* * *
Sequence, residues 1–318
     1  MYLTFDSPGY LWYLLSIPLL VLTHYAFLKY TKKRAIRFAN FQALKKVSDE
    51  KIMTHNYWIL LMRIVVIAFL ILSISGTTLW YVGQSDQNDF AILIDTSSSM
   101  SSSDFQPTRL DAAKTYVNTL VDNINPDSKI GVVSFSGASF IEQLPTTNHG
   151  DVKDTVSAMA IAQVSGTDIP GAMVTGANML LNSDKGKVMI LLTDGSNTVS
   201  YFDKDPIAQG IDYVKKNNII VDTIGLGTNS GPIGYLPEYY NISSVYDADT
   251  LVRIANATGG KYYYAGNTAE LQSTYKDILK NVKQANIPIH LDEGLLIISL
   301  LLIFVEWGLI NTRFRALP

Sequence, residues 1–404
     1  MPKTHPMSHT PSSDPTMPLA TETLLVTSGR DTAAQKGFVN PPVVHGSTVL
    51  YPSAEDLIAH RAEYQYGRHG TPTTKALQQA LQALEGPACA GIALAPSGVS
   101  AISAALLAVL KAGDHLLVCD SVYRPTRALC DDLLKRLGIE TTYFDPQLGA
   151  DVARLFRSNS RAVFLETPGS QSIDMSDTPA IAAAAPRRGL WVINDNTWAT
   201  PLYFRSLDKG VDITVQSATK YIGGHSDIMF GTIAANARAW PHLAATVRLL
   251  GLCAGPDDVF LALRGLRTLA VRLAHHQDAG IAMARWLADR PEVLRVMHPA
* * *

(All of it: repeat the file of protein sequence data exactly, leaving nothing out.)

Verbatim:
Sequence, residues 1–318
     1  MYLTFDSPGY LWYLLSIPLL VLTHYAFLKY TKKRAIRFAN FQALKKVSDE
    51  KIMTHNYWIL LMRIVVIAFL ILSISGTTLW YVGQSDQNDF AILIDTSSSM
   101  SSSDFQPTRL DAAKTYVNTL VDNINPDSKI GVVSFSGASF IEQLPTTNHG
   151  DVKDTVSAMA IAQVSGTDIP GAMVTGANML LNSDKGKVMI LLTDGSNTVS
   201  YFDKDPIAQG IDYVKKNNII VDTIGLGTNS GPIGYLPEYY NISSVYDADT
   251  LVRIANATGG KYYYAGNTAE LQSTYKDILK NVKQANIPIH LDEGLLIISL
   301  LLIFVEWGLI NTRFRALP

Sequence, residues 1–404
     1  MPKTHPMSHT PSSDPTMPLA TETLLVTSGR DTAAQKGFVN PPVVHGSTVL
    51  YPSAEDLIAH RAEYQYGRHG TPTTKALQQA LQALEGPACA GIALAPSGVS
   101  AISAALLAVL KAGDHLLVCD SVYRPTRALC DDLLKRLGIE TTYFDPQLGA
   151  DVARLFRSNS RAVFLETPGS QSIDMSDTPA IAAAAPRRGL WVINDNTWAT
   201  PLYFRSLDKG VDITVQSATK YIGGHSDIMF GTIAANARAW PHLAATVRLL
   251  GLCAGPDDVF LALRGLRTLA VRLAHHQDAG IAMARWLADR PEVLRVMHPA